I recently conducted a non-scientific double blind study on this phenomenon and had some interesting observations as a result. To wit, I "asked" some people to pronounce the word "ask" written on a piece of paper. Unsurprisingly so, some questioned responded "axe." Others responded in the true English pronunciation "ask."
I then queried both groups as to the name of the protective facegear they were forced to wear, and all persons responded in correct English pronunciation "mask." Not a single person said "max." This revelation was confounding...
An interesting observation, which I quickly reviewed because in my native language we have similar issues with some sounds, for instance proper language consonant sequence sp
in some local dialects (imagine English wasp
The ask/ax-dilemma, however, seems to be of a different nature. Both ask and ax are correct and represent co-evolved forms of the same verb. Some basic introduction in Smithsonian Magazine
, something more in NPR
, and an overview in wiktionary
. Mask/max is dissimilar: they truly represent different words..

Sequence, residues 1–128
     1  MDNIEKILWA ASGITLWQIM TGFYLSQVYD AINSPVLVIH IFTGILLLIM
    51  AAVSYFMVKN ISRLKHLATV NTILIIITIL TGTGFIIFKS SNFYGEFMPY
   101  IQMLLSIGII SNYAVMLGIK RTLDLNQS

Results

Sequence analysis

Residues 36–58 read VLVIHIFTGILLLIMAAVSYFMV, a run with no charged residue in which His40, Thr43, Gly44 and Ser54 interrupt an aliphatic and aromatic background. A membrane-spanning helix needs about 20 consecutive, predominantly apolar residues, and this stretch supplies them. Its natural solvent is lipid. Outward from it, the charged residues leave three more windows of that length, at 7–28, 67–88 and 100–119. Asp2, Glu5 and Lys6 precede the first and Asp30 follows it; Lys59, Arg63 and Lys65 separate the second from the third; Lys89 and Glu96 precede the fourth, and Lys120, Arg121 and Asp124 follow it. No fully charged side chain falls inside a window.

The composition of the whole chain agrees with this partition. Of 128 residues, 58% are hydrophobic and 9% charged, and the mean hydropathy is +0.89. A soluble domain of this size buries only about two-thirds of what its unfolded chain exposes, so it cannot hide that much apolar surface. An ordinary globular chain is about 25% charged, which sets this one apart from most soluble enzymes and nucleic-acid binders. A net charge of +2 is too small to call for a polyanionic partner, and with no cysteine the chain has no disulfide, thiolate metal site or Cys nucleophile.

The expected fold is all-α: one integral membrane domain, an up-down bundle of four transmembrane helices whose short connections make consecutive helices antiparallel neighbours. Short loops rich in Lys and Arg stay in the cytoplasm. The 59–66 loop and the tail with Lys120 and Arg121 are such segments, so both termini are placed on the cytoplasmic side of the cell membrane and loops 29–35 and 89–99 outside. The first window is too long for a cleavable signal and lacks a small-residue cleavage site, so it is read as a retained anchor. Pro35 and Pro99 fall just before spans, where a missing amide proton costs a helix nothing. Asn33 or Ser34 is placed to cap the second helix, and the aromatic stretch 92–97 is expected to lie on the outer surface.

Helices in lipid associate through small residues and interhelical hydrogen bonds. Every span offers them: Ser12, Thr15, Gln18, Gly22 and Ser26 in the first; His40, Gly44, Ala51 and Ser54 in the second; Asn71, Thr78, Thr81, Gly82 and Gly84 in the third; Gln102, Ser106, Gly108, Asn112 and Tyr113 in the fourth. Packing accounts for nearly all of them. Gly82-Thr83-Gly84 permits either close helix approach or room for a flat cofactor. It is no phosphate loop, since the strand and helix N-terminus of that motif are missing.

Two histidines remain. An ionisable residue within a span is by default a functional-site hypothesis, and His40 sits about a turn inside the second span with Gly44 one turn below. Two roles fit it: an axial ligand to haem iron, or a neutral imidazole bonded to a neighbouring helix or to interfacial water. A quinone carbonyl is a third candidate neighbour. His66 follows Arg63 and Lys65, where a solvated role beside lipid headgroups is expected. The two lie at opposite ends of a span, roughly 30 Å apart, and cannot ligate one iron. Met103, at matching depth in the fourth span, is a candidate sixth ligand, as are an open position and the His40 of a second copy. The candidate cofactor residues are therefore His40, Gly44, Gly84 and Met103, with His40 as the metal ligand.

Therefore, I would not use the term "true English", since from my POV both forms are "true English". According to my High School teacher, "true English" is BBC English. Just image you guys getting F after F
I'm on an ironic drive here, no offence intended. Just think about it, what is "true English"?
I'm looking at this through the glasses of my own native language, Dutch, which actually is a compound name of sorts. It harbours several large dialects, which are not treated as disrespectfully today as they were before. About 30 years ago, the unified Dutch language was called "General Civilized Dutch", and language rules were dictated by some learned A-h0les in Amsterdam, effectively putting aside the rich local language traditions and imposing what they considered correct. This situation has evolved, luckily. A proper term to describe "proper language", again IMO, is "Standard Dutch", or "Standard English".
Just ponder on "true English" for a bit... Who has decided for you what is correct? Your parents? Teacher? A committee of Washington DC bureaucrats? The Queen?
When I arrived at school, I was basically told that whatever my parents (and consequently their parents, grandparents, etc.) had learned me was "incorrect".
My better half received the rules of "correct Spanish" she is obliged to apply at her job, but these rules strongly deviate from the Real Academia Española's recommendations. The reason for that is simple: some politically motivated bureaucrats in Mexico City have enforced it. Just think of the consequences this has on the next generation, who might remain unaware of this...
I think WarrantMan already knows why English is important...